Sunday, December 10, 2006

Movie: Akeelah and the Bee (great movie)

"Akeelah and the Bee" is an exceptionally heartwarming film. My kids were all thoroughly enthralled by it. It is about an 11 year old girl who has an exceptional talent for remembering and spelling all kinds of words. Her talent was discovered early in school and soon, the film depicts her journey towards to finals in the Scripps National Spelling Bee competition. While there is rivalry and competitiveness in the film, what is most powerful in the film is the humanness that is inside all of us. While we all wanted to win, we badly want to love as well.

The quotation below marked the beginning of Akeelah's journey towards getting into the championshops of the Spelling Bee.

"Our deepest fear is not that we are inadequate.
Our deepest fear is that we are powerful beyond measure.
It is our light, not our darkness, that most frightens us.
We ask ourselves, who am I to be brilliant, gorgeous, talented, and fabulous?
Actually, who are you not to be? You are a child of God.
Your playing small doesn't serve the world.
There's nothing enlightened about shrinking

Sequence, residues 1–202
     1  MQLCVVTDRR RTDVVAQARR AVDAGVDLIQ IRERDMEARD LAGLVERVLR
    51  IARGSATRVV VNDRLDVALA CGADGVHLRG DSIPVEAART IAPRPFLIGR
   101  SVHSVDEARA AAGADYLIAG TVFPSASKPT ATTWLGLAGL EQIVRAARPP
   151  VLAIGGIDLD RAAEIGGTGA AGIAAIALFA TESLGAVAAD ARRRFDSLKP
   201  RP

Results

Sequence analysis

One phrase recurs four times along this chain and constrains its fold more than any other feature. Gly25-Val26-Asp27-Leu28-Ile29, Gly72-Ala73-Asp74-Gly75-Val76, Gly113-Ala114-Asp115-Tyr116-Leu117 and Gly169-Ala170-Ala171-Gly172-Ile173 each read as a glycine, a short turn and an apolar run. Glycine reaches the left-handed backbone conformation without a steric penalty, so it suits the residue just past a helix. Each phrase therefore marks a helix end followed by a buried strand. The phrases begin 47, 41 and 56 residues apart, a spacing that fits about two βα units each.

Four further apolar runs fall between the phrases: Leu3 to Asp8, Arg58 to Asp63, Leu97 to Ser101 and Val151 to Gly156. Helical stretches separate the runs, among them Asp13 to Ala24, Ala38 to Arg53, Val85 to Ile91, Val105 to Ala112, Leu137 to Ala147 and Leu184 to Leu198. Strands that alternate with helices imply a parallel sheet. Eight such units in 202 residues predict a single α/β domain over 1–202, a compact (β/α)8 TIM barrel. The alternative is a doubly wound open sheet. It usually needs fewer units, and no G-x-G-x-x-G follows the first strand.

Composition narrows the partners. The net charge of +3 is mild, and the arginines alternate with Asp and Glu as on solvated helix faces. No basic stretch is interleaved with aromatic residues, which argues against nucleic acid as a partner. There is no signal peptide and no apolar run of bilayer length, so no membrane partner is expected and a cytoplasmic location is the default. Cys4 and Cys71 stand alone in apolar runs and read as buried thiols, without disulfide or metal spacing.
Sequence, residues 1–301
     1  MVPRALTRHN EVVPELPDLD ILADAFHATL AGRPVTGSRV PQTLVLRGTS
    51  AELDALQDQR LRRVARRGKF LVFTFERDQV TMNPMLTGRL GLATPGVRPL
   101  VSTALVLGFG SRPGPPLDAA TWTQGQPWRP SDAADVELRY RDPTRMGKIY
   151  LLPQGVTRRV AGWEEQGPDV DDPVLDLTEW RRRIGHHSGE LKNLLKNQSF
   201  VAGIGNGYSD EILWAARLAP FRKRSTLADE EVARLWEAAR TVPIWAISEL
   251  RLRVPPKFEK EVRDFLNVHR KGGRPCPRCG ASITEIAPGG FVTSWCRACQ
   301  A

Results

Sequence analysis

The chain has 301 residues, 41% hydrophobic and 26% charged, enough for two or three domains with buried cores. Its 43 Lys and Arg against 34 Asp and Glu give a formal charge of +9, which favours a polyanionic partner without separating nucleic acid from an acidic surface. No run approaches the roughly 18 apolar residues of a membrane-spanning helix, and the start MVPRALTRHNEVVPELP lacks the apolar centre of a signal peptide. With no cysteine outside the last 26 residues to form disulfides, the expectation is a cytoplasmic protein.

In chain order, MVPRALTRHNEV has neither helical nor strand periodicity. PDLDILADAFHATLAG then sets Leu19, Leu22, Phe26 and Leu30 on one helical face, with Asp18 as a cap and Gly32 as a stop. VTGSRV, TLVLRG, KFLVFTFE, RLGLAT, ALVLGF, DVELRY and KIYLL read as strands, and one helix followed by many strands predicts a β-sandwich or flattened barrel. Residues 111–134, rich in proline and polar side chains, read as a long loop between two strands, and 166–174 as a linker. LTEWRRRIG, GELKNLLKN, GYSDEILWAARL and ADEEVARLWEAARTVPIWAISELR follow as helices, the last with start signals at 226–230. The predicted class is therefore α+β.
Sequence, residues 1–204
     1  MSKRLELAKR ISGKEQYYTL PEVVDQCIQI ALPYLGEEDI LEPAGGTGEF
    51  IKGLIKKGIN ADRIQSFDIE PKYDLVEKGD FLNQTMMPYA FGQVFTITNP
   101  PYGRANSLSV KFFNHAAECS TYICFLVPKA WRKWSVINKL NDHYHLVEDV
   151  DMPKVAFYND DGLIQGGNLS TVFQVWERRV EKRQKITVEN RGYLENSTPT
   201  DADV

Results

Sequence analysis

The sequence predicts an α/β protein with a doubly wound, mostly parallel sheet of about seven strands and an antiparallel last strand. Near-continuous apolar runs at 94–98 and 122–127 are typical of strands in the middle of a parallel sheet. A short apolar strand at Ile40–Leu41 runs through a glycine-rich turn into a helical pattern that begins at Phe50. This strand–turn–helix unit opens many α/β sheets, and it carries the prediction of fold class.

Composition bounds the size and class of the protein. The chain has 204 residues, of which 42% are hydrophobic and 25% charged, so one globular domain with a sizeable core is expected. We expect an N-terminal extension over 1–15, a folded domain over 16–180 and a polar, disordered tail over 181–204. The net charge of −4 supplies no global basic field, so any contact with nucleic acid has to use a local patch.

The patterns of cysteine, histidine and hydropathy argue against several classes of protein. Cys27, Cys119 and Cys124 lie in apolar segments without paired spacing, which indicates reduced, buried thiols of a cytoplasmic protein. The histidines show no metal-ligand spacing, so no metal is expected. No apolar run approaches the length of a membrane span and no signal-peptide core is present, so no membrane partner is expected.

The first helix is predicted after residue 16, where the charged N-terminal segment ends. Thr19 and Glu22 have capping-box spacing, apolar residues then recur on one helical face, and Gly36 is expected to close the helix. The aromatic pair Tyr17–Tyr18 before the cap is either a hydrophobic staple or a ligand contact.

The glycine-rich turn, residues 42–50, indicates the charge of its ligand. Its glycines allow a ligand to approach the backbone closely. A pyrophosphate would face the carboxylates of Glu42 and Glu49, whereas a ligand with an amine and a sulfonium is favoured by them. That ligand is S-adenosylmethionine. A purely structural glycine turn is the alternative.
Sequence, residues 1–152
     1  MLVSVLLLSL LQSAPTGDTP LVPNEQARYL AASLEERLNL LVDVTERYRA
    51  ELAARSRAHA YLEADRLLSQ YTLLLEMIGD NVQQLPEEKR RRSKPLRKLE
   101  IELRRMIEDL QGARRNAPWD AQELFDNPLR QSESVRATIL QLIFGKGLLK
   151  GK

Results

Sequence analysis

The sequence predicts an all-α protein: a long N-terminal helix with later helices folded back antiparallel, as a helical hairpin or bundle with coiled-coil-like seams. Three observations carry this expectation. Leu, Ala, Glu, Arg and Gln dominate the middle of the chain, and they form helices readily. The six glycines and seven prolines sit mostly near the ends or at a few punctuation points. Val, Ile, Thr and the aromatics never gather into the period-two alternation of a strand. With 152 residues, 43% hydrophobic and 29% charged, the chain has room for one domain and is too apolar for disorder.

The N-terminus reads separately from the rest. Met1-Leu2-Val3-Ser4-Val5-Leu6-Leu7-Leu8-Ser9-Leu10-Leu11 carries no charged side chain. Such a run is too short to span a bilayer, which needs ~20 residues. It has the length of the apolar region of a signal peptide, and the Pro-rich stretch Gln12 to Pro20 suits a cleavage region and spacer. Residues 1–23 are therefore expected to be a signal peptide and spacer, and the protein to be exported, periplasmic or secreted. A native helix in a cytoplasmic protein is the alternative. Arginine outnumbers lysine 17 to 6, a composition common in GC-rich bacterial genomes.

so that other people won't feel insecure around you.
We are all meant to shine, as children do.
We are born to make manifest the glory of God that is within us.
It's not just in some of us, it's in everyone.
And as we let our own light shine,
we unconsciously give other people permission to do the same.
As we are liberated from our own fear,
our presence automatically liberates others.
" (**)

The conclusion of the movie is touching and shows us a lot about competition and its potential to bring out the worse in people. People say competition is good in terms of getting the best quality work done. However, it can often become bad when competitors backstab one another in order to stay ahead. The movie very carefully teaches us, that competitiveness can bring out the best in people, if one learns to see that winning or losing is not everything. Love and appreciating one another for who they are matters more.

While some people tend to treat "Being the Best" as the one and only person, Akeelah and her archrival Dylan became not only great sparring partners but cheered each other on to do their best, without hoping to win on the basis of the opponent's weakness but on their own strengths. We need such an attitude in this world of cutthroat competitive environment in almost everything. Competition becomes bad, when people seek to win at all costs, even at the expense of another person. If competition can bring out not only the technical best of each person, but the best humanity, where competitors cheer one another on to do their respective best, winning on the basis of merit rather than opponent's mistakes, it will make winning so much more meaningful. Moreover, friendships can be forged even at a competitive level.

Go watch the movie and be inspired.


** Marianne Williamson, Return to Love (Peter McLaughlin: Harper Collins, 1992), 191-192.

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